Factories in the 16-nation eurozone saw demand rebound 3.1 percent in June, providing more evidence of the much-sought after green shoots of recovery and encouraging markets upwards.
The rise was the first since a blip in March and, despite June's figures, industrial orders are still down by almost a third since their peak in February 2008, before the ill winds of recession blew.
In the 27-nation EU as a whole, industrial orders remained on the downward track, dropping by 0.4 percent in June and 24 percent over 12 months, according to official figures from the Eurostat agency.
"These latest data provide further support to our forecast for increasingly positive sentiment in the euro area industrial sector heading into the second half, with positive growth rates likely in both euro area industrial production and orders in the third quarter," said James Ashley of Barclays Capital Research.
Already firmer European stock markets welcomed the data as another sign the economy is on the mend, with London up 0.77 percent and Paris and Frankfurt each ahead 0.95 percent in late afternoon trade.
On the foreign exchange markets the euro gained ground against both the dollar and the yen, standing at 1.4334 dollars.
The biggest eurozone rise in factory orders was for capital goods, up 5.6 percent but consumer demand remained weak, with durable consumer goods down 3.6 percent.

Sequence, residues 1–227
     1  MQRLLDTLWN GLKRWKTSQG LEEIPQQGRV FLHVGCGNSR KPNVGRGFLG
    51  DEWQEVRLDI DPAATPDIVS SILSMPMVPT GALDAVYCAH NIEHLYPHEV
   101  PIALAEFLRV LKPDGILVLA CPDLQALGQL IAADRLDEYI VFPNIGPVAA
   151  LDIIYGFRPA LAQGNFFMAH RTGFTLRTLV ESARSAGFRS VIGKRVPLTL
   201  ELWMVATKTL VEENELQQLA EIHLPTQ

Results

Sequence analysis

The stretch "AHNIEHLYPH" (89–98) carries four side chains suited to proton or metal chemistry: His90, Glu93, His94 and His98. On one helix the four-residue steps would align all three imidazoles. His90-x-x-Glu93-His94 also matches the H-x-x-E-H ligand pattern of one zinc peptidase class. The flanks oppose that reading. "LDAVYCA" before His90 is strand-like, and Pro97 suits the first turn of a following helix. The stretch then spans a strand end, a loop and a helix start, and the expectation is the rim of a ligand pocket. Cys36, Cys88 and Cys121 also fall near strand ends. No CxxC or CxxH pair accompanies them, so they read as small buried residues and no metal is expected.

Consumers are also paying lower prices for the finished goods,
Consumer prices throughout the eurozone fell a record 0.7 percent in July over 12 months, underlining that the crisis may be easing but it is far from over.
Eurozone unemployment rose to 9.4 percent in July. Twelve months earlier it stood at 7.5 percent.
On a national basis, eurozone powerhouse Germany was doing the heavy lifting, with its industrial orders up 4.6 percent in June while in percentage terms, Ireland led the way with a 14.8 percent rise.
On the flipside of the coin, eurozone member Spain saw orders drop 1.1 percent and Slovenia fell 3.9 percent.
Monday's figures were the latest in a string of more positive data, despite some fears that Europe could suffer a double-dip recession, which have buoyed both the region's stock markets and the euro in recent months.
European stock markets and the euro currency had soared on Friday as a survey showed the euro area economy stabilising in August.
Earlier this month Eurostat announced that the eurozone's trade surplus doubled in June to 4.6 billion euros (6.5 billion dollars).
Germany and France have also clambered out of recession, building hopes that they will drag the 16-nation eurozone as a whole out of negative territory.
"The forward-looking indicators of industrial orders remain generally positive," Ashely said.
The eurozone nations comprise Austria, Belgium, Cyprus, Finland, France, Germany, Greece, Ireland, Italy, Luxembourg, Malta, the Netherlands, Portugal, Slovakia, Slovenia and Spain.